Pope’s Roots Important

There’s no denying that Pope Francis is a force to be reckoned with morally, spiritually and politically. He has emphasized the importance of service to the poor, income inequality and environmental justice, and focused less on issues important to American bishops (e.g. abortion, gay marriage) who have spent the last 20 years entrenched in culture wars. Nor has he sat idly by in the political realm; he acted as a mediator between the United States and Cuba, facilitating their recent reapproachment. He is popular among Catholics and non-Catholics alike, and with his near rockstar status, the whole country was eager to hear what he had to say during his address to Congress on Wednesday, September 22.

His visit, however, comes at a tumultuous time in American politics. President Obama has several agenda items he’d like to push through before the end of his tenure, namely climate change legislation. The 2016 election is, to borrow a phrase, at our throats. To add to all this, the Catholic vote, while divided, has proved critical for anyone seeking the White House. This is the political climate in which the pope will be making his speech.

Nobody knows what the pope will say in his speech to Congress, but everyone knows that they want someone so prominent and credible taking the same stance as them. Given his criticism of unfettered capitalism in his encyclical Evangelii Gaudium (Joy of the Gospel) and his calls for more responsible stewardship of the environment in Laudato Si (a.k.a. On Care for Our Common Home), Democrats and liberals are expecting a pope who will call for exactly that: greater environmental protection and safeguards against abuse of the free market.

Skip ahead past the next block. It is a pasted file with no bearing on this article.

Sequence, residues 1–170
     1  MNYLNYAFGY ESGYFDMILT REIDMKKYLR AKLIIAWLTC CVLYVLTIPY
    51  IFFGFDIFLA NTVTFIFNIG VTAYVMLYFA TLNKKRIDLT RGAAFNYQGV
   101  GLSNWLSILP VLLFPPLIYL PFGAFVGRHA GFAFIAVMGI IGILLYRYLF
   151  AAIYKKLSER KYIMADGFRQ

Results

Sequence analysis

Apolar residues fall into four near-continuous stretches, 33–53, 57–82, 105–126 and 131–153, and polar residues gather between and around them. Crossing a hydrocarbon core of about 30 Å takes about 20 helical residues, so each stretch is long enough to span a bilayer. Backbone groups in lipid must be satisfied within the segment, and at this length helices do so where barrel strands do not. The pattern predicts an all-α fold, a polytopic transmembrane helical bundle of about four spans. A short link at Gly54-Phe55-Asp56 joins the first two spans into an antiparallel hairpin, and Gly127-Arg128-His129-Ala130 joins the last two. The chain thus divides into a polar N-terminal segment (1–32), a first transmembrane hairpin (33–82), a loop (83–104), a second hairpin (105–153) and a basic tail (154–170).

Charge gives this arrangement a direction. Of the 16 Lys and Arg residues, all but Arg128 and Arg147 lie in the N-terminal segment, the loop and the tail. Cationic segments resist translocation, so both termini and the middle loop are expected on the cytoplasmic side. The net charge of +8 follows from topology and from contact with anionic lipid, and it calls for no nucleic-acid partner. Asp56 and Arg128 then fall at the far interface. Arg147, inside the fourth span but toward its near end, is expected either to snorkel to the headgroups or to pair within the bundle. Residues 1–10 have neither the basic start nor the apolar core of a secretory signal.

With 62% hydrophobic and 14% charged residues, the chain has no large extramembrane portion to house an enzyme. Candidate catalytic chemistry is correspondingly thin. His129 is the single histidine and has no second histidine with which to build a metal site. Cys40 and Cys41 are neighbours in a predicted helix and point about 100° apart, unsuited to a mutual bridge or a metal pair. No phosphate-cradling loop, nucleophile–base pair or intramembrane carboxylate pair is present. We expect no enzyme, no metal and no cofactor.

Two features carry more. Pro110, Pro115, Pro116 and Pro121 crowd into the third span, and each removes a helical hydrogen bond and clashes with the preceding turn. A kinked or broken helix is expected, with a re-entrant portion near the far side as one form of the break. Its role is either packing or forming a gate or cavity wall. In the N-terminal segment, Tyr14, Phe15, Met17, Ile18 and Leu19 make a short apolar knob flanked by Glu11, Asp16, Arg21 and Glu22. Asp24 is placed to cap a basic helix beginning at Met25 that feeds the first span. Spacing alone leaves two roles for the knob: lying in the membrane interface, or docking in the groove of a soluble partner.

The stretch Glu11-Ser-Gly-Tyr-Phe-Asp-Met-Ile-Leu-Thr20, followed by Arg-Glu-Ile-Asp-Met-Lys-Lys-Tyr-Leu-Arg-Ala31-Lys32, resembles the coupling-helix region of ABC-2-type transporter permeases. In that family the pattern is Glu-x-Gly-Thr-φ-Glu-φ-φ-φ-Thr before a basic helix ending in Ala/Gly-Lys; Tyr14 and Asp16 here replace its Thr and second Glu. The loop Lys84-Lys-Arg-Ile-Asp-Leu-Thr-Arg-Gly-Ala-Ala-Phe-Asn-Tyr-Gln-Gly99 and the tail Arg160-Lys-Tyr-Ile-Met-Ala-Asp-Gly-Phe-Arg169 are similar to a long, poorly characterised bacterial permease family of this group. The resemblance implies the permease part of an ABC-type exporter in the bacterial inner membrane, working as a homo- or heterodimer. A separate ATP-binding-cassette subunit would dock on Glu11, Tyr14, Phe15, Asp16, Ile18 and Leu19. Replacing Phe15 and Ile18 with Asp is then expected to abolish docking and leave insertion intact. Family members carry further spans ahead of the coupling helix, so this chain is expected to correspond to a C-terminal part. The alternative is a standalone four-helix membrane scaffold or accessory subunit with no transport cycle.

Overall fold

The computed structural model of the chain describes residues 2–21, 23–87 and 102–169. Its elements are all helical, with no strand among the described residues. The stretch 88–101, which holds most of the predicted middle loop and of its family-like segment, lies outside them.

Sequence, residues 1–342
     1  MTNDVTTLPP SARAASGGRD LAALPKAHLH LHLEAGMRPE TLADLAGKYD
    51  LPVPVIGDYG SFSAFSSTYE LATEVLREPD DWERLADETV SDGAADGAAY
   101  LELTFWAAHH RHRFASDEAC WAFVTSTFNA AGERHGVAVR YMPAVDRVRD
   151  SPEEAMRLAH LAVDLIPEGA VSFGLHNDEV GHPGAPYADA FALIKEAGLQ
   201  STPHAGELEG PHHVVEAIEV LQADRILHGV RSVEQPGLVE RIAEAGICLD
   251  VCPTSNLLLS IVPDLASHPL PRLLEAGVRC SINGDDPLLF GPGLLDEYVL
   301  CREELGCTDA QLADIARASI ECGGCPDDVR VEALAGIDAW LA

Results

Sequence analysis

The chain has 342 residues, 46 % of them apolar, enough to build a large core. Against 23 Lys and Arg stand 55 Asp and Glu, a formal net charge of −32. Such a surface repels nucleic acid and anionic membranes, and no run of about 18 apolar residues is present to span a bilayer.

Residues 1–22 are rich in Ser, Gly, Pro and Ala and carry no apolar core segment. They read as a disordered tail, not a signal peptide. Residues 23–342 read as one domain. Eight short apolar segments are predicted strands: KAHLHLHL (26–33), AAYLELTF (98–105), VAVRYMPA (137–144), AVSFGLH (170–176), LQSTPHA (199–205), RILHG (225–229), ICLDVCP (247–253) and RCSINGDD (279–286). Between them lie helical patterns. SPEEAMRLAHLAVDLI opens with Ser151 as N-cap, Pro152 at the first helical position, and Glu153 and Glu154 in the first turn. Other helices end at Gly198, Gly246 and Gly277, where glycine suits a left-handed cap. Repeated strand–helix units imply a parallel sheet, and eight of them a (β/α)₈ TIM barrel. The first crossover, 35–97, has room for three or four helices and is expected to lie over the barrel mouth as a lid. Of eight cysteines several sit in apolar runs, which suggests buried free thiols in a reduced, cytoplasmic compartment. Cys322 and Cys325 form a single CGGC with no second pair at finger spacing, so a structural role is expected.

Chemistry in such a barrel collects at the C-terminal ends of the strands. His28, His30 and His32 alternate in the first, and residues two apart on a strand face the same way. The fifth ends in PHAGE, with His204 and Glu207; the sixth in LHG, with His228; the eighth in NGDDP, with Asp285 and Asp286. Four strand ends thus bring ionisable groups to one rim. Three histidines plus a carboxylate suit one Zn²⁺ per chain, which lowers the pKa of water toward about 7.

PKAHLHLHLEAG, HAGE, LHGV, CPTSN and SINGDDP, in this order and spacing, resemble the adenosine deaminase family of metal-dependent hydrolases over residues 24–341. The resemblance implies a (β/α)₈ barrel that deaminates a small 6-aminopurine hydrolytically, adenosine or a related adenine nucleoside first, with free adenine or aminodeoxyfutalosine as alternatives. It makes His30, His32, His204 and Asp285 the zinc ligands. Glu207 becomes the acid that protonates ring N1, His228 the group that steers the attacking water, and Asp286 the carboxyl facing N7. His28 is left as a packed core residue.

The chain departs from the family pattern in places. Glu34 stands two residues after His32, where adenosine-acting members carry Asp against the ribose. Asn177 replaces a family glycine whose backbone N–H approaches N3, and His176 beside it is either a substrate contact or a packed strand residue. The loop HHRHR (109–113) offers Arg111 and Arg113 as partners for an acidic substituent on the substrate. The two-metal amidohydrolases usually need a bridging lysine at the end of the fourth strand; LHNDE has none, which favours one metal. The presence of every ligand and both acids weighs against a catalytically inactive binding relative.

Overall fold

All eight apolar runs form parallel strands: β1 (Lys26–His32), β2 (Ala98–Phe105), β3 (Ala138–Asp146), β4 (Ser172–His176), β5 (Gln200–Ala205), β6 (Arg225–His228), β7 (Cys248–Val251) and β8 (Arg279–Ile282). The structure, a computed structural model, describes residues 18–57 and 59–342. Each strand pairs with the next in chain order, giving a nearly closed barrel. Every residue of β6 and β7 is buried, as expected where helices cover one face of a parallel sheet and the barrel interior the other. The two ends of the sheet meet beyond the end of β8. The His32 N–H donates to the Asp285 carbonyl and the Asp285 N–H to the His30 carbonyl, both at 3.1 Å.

In advance of Francis’s visit, Republican presidential hopefuls Jeb Bush and Marco Rubio, both Catholic, have said they don’t think the pope should be taking a stand on political issues. Historically, popes like John Paul II were staunch allies of Republican presidents like Ronald Reagan as they sought an end to Communist oppression in Eastern Europe. Nor did Republicans object to having the moral force of the pope behind them in 2009 when Pope Benedict XVI famously handed President Obama a copy of the Church’s position on bioethics (read: their opposition to stem cell research).

Before Democrats get too comfortable, though, they should remember that the World Meeting of Families is also a stop on Francis’ itinerary, underscoring his support for the traditional family. Although he has emphasized the role of forgiveness, mercy and being less judgmental in the modern Catholic Church, he still opposes abortion, gay marriage and contraception. He has urged leaders to reject abortion as part of “a culture of death” and to uphold the sanctity of unborn human life. 

All this leads to a bigger point: American politics are divisive to say the least, and we all tend to classify people as being “more conservative” or “more liberal” based on whatever we can find out about them. I’m sure there are politicians who would be happy to claim to have the blessing (no puns intended) of the pope behind their cause if Francis gets up on Wednesday and speaks favorably about issues they care about. Who wouldn’t? But the politicians miss the point. As they seek to label him as a “liberal” or “conservative” pope, they forget that his loyalty doesn’t lie with a party or its ideology. He will always be pro-life, pro-traditional family, for the poor, the oppressed and the marginalized. He will always be in favor of protecting the Earth, unborn children and the economically disadvantaged. He is neither liberal nor conservative, Democratic or Republican. He is Catholic.